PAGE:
• West side of Cimmarroncito Reservoir – probably the second most photographed scene at Philmont.
  • Cimarroncito to Sawmill – This path goes through Grouse Canyon and Sawmill Canyon.  The views along the canyon walls are outstanding.  The section of Grouse Canyon from Ute Gulch commissary to Cimarroncito has some great views also.
  • Sawmill to Thunder Ridge – There are some spectacular views of Baldy Mountain, Wheeler Peak (New Mexico’s highest mountain), Eagle Nest Lake, and Colorado.  As you reach tree line at Thunder ridge, look again to the west for some more great views. 
  • Thunder Ridge to Comanche Peak – There are several outlooks that offer views of Baldy Mountain and Wheeler Peak to the west.  Comanche Peak camp offers an incredible sunrise view.
  • Visto Grande to Harlan – This hike takes your crew through two beautiful meadows.
  • Harlan to Cimarroncito – Words cannot describe this trail with views of Cathedral Rock, Window Rock and the backside of the Tooth of Time.
  • Dan Beard to Bent via Bonita Canyon – Great views of the canyon.
  • Indian Writings to Dan Beard – There are several outstanding rock formations along the trail.  The views north to Little Castilla Mountain are unique.
  • Ponil to Indian Writings – The views from Hart Peak are great, but the view from the top of the canyon leading to Indian Writings is exceptional.
  • The High Peaks – Baldy Mountain and Mount Phillips are tough, but the struggle up is well worth the view.  The loop from Baldy Town over Baldy Mountain and through Copper Park is particularly impressive.  The hikes up Phillips from the south and up Baldy from the north are particularly tough.
  • Baldy Skyline to Head of Dean – This newer trail provides some exceptional views west to Baldy and Touch Me Not Mountain.
  • Inspiration Point – Located at the top of Urraca Mesa, Inspiration Point is another special sunrise spot.
  • Lover’s Leap Turnaround to Lover’s Leap Camp – This is the very best starting hike at Philmont.  From Lover’s Leap, there are great views of the Tooth of Time.
  • Rayado River to Lookout Meadow – The hike to Lookout Meadow is one of the most strenuous second day hikes, but well worth the challenge.  The day begins with a short work to Abreu, where the crew and stop and help with morning chores.  The hike continues along Rayado Creek with the trail splits and goes up Bonito Canyon.  Once out of the canyon, you will come to a meadow framed by pines and aspens.  Depending on the amount of rain, the filed may be filled with mountain iris, yarrow, and other wildflowers.  Look for deer, bears, elk, and mountain lions here.  Once at Lookout Meadow, sit on the grassy reservoir wall at dusk to watch birds swoop up insects while deer come to water. 

Decision process

So, with so many good choices, how do you make a decision?  While it would be great (and ideal) if your crewmembers could decide by themselves, we suspect it’s a bit overwhelming. 

First, we suggest that the advisors make a frank assessment of the Degree of Difficulty for everyone involved, and limit trek choices to those that are appropriate for all, including advisors. 

Second, do an interest survey (Philmont Program Survey) to determine who is interested in what.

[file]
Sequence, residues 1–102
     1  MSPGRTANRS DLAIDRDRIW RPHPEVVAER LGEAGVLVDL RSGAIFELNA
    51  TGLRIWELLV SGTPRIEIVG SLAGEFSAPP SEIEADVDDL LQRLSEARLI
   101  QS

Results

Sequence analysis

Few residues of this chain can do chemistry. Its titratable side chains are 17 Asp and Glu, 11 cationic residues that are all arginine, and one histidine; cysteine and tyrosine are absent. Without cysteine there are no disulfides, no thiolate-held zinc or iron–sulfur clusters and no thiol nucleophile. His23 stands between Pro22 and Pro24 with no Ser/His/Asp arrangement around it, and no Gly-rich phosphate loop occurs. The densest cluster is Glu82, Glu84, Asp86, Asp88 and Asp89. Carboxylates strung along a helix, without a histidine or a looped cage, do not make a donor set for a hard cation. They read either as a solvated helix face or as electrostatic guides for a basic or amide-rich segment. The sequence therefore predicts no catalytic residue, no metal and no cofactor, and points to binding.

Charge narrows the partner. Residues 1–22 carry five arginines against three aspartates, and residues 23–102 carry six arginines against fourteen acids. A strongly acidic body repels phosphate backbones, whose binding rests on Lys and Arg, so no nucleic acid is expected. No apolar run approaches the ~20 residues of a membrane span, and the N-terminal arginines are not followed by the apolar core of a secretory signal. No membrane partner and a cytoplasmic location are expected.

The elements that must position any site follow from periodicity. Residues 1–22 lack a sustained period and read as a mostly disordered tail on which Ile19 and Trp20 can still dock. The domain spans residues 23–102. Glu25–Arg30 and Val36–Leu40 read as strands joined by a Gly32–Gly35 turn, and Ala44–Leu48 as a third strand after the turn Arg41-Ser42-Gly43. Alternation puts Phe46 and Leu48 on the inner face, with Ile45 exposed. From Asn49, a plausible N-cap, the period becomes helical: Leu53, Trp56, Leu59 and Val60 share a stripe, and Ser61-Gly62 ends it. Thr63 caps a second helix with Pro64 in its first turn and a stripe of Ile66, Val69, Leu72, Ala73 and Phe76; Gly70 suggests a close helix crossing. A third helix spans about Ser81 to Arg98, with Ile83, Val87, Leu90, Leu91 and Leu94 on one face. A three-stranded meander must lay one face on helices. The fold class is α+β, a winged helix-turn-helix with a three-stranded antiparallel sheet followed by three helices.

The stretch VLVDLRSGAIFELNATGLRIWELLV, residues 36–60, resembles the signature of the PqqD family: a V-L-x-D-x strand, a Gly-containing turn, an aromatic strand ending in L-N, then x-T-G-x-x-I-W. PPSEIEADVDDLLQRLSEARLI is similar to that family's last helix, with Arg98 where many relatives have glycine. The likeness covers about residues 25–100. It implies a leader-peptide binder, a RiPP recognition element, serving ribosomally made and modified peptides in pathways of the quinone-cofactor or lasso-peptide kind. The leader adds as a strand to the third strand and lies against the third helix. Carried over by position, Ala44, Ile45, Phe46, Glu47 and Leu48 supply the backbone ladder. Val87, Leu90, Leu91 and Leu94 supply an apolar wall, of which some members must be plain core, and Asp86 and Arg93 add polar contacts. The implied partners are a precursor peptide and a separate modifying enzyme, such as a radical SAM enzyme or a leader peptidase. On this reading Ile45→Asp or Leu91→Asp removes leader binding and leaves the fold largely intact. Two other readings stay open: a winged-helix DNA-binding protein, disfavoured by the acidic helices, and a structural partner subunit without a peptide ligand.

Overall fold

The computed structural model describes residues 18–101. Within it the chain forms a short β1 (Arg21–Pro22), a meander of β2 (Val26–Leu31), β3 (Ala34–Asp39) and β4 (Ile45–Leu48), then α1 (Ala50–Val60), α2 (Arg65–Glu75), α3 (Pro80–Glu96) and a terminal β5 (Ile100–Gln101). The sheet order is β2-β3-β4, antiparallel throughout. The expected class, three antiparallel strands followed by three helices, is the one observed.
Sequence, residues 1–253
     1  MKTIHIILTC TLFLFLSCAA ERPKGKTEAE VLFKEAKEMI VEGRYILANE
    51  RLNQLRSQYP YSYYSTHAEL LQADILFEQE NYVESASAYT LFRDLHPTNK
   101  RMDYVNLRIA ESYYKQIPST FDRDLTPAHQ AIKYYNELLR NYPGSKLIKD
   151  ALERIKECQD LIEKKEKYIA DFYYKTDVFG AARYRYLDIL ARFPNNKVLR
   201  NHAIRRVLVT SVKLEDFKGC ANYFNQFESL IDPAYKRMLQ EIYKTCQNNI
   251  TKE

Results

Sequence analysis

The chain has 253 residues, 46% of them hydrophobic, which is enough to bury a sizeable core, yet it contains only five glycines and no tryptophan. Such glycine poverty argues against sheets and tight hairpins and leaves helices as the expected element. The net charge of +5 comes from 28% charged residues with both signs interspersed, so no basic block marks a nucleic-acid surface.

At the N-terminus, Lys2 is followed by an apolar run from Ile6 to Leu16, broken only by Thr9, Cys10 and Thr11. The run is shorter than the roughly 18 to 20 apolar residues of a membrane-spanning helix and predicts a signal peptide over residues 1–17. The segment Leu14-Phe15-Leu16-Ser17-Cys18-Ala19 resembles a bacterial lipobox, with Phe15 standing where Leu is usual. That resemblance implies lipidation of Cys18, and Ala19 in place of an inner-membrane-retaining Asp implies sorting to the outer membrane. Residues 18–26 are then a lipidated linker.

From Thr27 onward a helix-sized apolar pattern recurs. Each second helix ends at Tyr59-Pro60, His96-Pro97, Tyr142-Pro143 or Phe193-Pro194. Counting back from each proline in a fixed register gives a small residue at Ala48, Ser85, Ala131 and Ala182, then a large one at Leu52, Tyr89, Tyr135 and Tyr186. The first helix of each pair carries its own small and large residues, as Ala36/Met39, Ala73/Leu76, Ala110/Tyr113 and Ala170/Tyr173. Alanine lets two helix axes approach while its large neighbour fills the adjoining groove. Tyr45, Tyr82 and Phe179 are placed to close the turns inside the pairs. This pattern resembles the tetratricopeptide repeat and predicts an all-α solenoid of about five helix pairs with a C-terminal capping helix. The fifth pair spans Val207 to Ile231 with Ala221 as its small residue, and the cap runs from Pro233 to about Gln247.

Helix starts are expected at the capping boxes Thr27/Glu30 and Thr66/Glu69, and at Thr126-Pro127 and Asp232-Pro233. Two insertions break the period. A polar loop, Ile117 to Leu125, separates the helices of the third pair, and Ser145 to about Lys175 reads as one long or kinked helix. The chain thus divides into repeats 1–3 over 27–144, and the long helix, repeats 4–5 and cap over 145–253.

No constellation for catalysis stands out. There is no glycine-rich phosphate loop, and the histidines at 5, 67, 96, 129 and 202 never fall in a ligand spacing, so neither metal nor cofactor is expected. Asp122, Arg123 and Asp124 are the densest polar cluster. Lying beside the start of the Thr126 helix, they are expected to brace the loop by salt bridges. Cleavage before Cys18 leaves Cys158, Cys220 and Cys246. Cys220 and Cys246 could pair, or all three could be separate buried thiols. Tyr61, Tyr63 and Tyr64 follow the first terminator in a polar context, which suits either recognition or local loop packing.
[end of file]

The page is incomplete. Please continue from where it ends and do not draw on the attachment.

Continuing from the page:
Third, select five or six itineraries that are within the physical and emotional abilities of the entire crew, including advisors.  Present these itineraries to the entire crew at a crew meeting and encourage the Scouts to reach a consensus on which trek. 

No matter what, there are no bad treks offered.  It’s going to be a once in a lifetime wilderness experience for all involved.

Conclusion:

  1. There are no bad treks at Philmont. (Or to say it another way:  A bad day on the trail is still better than a good day at work.)
  2. Any trek can be made more challenging with side hikes.
  3. Better to under trek than over trek.
  4. Finally, it’s the journey, not the destination.
Last Updated on Monday, 20 December 2010 16:56
 

Returning to Base Camp

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Appendix L (Return Check List) Appendix L (Return Check List)

Introduction

When the crew returns to Base Camp, it’s usually after a long and hot day.  Scouts are probably tried, thirsty, and hungry for anything that isn’t dehydrated food.  But, there is a lot of work to be done.  If you let the crew disburse when they arrive back at base camp, then the only one available to do all the base camp in processing will be you.  And this time there’s no Ranger to help you expedite things. 

Our advice:  Have a plan.  Review it with you Crew Leader so he can implement it.

Read more...
 

Physical conditioning

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Introduction

Philmont can be physically demanding.  To maximize the experience, the entire crew needs to be in top physical condition before they arrive. 

Anyone overweight needs to control his diet.  Everyone needs to have an exercise program to achieve a high level of physical conditioning.
Read more...
 


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Philmont Fire Information

For up to date fire information, please see Philmont's "Fire Information and Travel Delays" page.  You can get to that page by clicking HERE.

Countdown!

The 2014 Philmont season begins in Past

Contingent Trek Dates